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Freedom House Urges Secretary Clinton to Push for Genuine Political Transformation in Burma

By Freedom House  •  November 29, 2011

In advance of the first visit by a United States Secretary of State to Burma in 50 years, Freedom House urges Secretary Hillary Clinton to seize this critical moment and push for greater human rights and democratic reforms in the country.

Secretary Clinton’s visit, scheduled to begin December 1, comes at a time when the Burmese regime has taken some steps to loosen its repressive grip on political life.  Since the 2010 elections, which nominally replaced the military government with a civilian one, the Burmese regime has implemented a series of modest democratic reforms including releasing approximately 200 political prisoners and amending the political party registration law to allow the National League for Democracy (NLD) to register as an official party, and for its leader Aung San Suu Kyi to contest the upcoming elections.  Last month, Aung San Suu Kyi was awarded<http://www.youtube.com/watch?v=9U_BMyqaaaE> Freedom House’s Freedom Award for her decades-long struggle to bring democratic rule to Burma.

“There is no denying that there have been some positive developments recently, but the United States and the international community must press to ensure that these reforms are real, substantive, and sustained over time,” said David J. Kramer, president of Freedom House. “Secretary Clinton should use this unprecedented visit to urge President Thein Sein to immediately and unconditionally release all political prisoners, start a meaningful political dialogue with representatives from the democratic opposition and ethnic groups that will foster genuine national reconciliation, and establish a system of governance that upholds democracy, human rights, and the rule of law.”

Despite the apparent political transformation from a military dictatorship, the civilian-led government is still dominated by ex-generals and supported by the military which maintains veto powers. Significant human rights violations continue, and it is estimated that there are more than 1,000 political prisoners still incarcerated. During the past several months there has been an escalation in human rights violations committed by the Burmese military in ethnic minority areas, resulting in an unprecedented number of internally displaced persons, renewed armed conflict with three separate groups in Kachin and Shan States, an increase in the use of rape as an instrument of war, the use of civilians as human shields, and forced labor.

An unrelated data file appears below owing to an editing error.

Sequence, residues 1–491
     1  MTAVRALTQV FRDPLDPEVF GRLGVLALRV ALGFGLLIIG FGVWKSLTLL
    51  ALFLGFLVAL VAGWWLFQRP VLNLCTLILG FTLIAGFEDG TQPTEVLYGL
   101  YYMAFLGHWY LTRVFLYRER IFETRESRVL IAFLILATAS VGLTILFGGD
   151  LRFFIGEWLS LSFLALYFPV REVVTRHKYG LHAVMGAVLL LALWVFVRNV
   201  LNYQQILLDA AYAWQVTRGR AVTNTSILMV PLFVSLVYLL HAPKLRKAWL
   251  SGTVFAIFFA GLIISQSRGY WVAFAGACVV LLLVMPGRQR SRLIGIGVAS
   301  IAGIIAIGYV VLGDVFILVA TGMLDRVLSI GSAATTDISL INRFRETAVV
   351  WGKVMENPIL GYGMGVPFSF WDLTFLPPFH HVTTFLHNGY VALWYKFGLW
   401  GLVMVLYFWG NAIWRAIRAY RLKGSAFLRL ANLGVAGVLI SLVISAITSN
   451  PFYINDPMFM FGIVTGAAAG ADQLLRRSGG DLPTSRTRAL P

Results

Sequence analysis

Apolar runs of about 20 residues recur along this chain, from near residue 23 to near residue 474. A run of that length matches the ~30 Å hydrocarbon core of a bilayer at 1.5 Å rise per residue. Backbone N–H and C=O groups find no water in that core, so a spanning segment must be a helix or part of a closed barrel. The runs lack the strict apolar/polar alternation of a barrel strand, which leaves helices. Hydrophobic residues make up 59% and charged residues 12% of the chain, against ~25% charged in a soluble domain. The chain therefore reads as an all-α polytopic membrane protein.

“While Burmese officials are signaling their new-found interest in an eventual democratic transition, the regime also has a long track record of ‘bait and switch,’ said Sue Gunawardena-Vaughn, director for Southeast Asia Programs at Freedom House. “The Burmese regime is not above manipulating and politicizing high-level visits in its favor and it will be incumbent on the international community to monitor developments to ensure that a genuine democratic transition takes place in the country.” Burma is also slated to chair the Association of Southeast Asian Nations (ASEAN) in 2014.

Considered by Freedom House to be one of the world’s worst human rights abusers<http://www.freedomhouse.org/uploads/special_report/101.pdf>, Burma is rated Not Free in Freedom in the World 2011, Freedom House’s annual global assessment of political rights and civil liberties and Not Free in Freedom of the Press 2011.

Contact:  Mary McGuire<mailto:mcguire@freedomhouse.org> in Washington, +1-202-747-7035

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